For someone who's declared his intention to never return to the United States, Roman Polanski is certainly keen on clearing his name in Los Angeles court. The 75-year-old film auteur (Repulsion, Chinatown, The Pianist) fled the country for voluntary European exile in 1978 after an L.A. judge indicated he was about to throw out a plea deal involving charges Polanski had sexual relations with a minor. Since then, a documentary film aired last year on HBO suggested judicial impropriety on the court's part, prompting Polanski to seek a dismissal of his case in late 2008.
A Catch-22 scenario worthy of Polanski's blackest comedies prevented the petition from going forward: Judge Peter Espinoza would not consider the motion unless Polanski was present in court — and, of course, the director would likely be arrested on the basis of a 31-year-old warrant the moment he set foot in Los Angeles. Today, however, the Associated Press' Linda Deutsch reports that Polanski's lawyers have filed an appeal in California.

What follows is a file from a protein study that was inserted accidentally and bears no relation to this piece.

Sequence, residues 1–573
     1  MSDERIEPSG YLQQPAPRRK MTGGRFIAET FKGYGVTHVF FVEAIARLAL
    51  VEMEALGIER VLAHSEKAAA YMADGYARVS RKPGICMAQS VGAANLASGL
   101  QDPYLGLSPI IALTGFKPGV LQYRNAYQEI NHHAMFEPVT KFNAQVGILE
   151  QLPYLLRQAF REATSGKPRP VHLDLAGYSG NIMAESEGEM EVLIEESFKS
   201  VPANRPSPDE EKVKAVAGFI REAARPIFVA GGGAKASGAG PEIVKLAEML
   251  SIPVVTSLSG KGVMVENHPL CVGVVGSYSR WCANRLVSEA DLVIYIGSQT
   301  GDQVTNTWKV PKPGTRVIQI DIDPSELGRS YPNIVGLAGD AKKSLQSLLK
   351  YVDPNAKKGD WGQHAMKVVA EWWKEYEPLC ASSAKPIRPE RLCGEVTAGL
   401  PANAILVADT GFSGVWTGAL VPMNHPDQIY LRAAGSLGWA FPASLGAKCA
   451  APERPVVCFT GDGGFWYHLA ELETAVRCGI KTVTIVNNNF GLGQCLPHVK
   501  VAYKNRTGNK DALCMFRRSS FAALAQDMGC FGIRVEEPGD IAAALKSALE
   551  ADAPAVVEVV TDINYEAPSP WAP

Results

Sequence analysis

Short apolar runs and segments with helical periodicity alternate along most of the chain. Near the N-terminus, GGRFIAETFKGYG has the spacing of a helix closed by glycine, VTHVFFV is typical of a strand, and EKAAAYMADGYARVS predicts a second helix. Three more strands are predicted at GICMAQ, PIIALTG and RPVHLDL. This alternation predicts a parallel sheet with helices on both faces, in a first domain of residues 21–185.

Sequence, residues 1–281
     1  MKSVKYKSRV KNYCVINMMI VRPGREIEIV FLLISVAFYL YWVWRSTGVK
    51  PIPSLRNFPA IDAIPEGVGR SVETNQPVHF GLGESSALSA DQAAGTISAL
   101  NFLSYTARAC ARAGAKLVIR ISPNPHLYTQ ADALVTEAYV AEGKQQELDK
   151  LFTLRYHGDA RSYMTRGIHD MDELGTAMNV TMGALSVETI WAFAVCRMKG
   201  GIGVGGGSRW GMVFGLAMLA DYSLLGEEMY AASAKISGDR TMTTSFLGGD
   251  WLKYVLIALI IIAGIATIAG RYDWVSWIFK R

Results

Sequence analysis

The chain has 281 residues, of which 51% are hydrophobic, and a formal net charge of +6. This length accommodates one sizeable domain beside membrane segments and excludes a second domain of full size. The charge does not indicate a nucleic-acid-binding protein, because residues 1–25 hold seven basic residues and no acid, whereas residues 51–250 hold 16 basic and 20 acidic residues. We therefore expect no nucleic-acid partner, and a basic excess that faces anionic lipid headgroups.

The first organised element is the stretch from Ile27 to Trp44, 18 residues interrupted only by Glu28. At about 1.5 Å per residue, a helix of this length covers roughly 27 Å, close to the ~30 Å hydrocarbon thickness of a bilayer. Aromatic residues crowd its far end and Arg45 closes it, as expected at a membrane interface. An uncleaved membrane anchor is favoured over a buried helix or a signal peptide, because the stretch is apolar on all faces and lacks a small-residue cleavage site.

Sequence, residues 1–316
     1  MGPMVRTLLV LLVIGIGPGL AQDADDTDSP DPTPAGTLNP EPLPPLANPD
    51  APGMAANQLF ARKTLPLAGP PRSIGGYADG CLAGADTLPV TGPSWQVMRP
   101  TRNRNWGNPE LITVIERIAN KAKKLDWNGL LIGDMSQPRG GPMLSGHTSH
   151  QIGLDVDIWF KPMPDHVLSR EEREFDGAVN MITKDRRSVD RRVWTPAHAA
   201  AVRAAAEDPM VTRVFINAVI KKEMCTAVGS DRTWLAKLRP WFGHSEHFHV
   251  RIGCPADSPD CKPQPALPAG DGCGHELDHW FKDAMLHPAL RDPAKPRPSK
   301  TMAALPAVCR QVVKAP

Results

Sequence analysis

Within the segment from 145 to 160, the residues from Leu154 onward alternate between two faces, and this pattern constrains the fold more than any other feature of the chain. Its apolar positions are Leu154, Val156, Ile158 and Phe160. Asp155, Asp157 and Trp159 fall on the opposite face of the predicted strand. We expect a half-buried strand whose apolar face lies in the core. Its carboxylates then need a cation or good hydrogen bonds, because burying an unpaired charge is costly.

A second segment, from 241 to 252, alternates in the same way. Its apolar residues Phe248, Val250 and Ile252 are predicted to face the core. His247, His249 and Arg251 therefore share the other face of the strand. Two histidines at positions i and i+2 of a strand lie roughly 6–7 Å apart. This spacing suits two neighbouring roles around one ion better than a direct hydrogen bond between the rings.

Attorney Chad Hummel of Manatt, Phelps and Phillips, is claiming that in his January ruling Espinoza erroneously relied upon the “fugitive disentitlement doctrine,” which says a fugitive like Polanski cannot seek redress in court while remaining at large.
According to AP, Hummel's appellate-court brief claimed, “That there were
clear violations of Mr. Polanski's constitutional rights is not
seriously in question,” and requested a dismissal of the old case
against Polanski or, at the very least, its reassignment to another
The ball is now in the court's court.